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presented by the Office of the Provost

Congratulations to the Lectureship award recipients for 2009-2010: Todd Cioffi, Department of Congregational Ministry Studies; Craig Hanson, Department of Art and Art History; Anding Shen, Department of Biology.



About the Award

The Calvin College Faculty Lectureship Award recognizes the scholarly achievements and professional contributions of individual Calvin faculty members. The lecture series aims to share the awardees' work with the faculty as a whole. Each lecture, while open to the public, should promote mutual interest, discussion, and understanding within the faculty of Calvin College. Awards will be determined in the fall. (more about the award)


HansonInaugural Lecture, November 9, 2009

"The Horns of a Dilemma: The Rhinoceros before the Royal Society and the Relationship of the Arts and Sciences in Early Modern Europe."

Craig Hanson
Department of Art and Art History

Monday, November 9, 2009, Art Department Lecture Hall, SC150, 7-8 p.m. (refreshments served after the lecture in the Spoelhof Atrium)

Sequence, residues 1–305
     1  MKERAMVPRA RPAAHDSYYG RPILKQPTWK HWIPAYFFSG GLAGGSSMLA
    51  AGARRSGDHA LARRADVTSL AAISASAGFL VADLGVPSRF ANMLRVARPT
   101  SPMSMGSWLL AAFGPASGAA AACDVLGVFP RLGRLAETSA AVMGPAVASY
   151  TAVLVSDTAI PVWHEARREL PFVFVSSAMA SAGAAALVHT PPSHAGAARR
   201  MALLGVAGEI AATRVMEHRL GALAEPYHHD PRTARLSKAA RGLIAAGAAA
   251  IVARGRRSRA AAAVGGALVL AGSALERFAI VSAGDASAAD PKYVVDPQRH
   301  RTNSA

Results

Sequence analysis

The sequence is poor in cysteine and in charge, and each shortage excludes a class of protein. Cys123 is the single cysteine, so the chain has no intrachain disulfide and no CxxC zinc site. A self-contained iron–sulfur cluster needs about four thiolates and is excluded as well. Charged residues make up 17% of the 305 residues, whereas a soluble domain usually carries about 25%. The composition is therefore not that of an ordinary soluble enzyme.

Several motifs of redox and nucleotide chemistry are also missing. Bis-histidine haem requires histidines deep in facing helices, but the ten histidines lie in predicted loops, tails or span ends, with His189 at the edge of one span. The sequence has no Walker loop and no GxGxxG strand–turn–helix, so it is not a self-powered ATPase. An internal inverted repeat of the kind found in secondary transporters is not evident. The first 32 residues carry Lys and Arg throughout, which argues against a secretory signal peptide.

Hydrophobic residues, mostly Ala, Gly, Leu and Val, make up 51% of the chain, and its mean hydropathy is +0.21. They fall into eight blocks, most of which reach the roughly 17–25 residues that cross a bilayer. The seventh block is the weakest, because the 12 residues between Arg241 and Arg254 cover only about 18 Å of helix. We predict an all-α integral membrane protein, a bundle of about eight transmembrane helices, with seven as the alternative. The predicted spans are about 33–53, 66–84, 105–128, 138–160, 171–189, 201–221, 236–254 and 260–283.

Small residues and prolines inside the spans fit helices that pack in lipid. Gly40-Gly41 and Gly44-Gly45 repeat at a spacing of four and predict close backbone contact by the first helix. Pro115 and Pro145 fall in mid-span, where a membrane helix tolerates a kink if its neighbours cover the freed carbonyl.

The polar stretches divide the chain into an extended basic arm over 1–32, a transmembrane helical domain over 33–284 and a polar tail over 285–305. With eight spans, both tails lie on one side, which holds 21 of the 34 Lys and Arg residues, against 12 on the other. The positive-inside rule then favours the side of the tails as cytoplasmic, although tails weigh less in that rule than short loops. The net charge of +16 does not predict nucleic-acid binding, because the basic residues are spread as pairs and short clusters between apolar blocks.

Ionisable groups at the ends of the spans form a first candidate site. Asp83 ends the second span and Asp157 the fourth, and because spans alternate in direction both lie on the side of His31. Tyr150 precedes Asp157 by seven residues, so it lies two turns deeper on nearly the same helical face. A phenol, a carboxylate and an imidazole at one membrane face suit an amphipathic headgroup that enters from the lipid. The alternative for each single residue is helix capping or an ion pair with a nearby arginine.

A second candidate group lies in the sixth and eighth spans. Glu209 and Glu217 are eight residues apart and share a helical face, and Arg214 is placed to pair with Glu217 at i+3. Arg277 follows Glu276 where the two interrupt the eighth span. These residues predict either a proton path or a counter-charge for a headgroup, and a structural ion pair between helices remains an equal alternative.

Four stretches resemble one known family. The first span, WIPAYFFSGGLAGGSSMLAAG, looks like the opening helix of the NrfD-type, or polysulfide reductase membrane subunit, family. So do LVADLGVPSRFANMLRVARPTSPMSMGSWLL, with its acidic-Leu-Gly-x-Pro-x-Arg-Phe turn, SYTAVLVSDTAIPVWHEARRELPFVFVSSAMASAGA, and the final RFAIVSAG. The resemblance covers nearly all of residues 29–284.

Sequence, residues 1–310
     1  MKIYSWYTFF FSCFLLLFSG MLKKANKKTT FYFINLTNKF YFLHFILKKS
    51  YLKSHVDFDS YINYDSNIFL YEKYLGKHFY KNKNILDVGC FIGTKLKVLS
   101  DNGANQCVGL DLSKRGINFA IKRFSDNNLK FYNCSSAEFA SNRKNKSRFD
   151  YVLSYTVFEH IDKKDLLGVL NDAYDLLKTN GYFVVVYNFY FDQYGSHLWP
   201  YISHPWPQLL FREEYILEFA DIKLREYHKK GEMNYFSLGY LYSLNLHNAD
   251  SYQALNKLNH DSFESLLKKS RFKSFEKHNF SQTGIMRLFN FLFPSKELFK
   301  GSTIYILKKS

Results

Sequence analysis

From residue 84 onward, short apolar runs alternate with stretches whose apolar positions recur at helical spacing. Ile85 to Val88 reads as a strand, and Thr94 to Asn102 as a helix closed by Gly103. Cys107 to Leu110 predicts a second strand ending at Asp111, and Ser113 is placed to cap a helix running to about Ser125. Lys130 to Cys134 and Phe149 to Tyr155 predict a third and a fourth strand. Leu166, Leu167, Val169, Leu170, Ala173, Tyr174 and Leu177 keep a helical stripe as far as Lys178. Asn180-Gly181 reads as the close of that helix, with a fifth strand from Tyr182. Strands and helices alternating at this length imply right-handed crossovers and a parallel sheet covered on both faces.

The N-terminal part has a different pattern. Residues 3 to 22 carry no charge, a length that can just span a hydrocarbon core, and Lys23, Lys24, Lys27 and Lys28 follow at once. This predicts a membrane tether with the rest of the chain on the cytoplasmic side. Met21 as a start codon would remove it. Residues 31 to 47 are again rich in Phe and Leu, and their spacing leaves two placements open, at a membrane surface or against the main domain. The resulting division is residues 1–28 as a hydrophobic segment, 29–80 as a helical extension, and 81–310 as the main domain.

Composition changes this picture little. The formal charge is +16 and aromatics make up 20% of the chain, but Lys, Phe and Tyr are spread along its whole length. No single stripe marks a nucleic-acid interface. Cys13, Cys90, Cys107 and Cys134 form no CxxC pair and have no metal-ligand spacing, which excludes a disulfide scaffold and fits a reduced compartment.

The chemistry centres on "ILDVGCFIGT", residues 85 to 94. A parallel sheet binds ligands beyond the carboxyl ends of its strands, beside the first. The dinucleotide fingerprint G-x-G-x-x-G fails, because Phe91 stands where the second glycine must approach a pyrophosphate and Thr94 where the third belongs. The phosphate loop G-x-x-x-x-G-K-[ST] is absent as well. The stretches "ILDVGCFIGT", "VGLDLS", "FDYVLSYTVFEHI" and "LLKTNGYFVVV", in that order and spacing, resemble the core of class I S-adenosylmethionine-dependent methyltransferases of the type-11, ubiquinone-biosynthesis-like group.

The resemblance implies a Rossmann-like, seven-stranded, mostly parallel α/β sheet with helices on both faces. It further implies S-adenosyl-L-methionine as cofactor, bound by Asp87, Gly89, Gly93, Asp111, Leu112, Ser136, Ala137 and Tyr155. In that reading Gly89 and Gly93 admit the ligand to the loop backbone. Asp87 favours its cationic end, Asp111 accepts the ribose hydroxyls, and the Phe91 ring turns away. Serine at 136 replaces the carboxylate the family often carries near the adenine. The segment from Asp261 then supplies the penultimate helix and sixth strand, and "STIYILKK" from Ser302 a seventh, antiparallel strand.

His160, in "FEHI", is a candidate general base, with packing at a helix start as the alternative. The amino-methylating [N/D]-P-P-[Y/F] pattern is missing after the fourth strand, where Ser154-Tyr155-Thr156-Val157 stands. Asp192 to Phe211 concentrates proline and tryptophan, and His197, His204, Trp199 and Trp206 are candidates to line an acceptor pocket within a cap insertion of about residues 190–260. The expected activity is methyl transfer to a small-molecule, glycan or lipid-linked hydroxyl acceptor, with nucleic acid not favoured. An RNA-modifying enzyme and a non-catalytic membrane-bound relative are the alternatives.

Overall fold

Professor Hanson earned his Master’s and Doctoral degrees from theUniversity of Chicago (1996 and 2003 respectively). He is the author of The English Virtuoso.

“An elegant and revelatory study, which vaults from discipline to discipline with enviable ease: Craig Ashley Hanson is almost as much of a polymath as his learned subjects. As befits a book partly about visual culture, the design is lovely too.”

— Lucy Worsley, Chief Curator, HistoricRoyal Palaces



About the lecture: In the seventeenth and eighteenth centuries, discrepancies between the empirical evidence of single-horned rhinoceroses witnessed by Europeans and references from antiquity regarding double-horned rhinos perplexed members of the hollarRoyal Society, particularly the circle of physicians around Drs. Richard Mead and Hans Sloane. Three articles published in the Philosophical Transactions proposing solutions to the two-horned dilemma and the kinds of evidence on which they depended raise crucial issues for the Royal Society during the period – antiquarian concerns tied to philology, numismatics, textual emendation, and collecting as well as the conceptual overlap between science, medical theory, and knowledge of the ancient world generally.

Coming second semester:

Todd Cioffi, Department of Congregational and Ministry Studies
Anding Shen, Department of Biology





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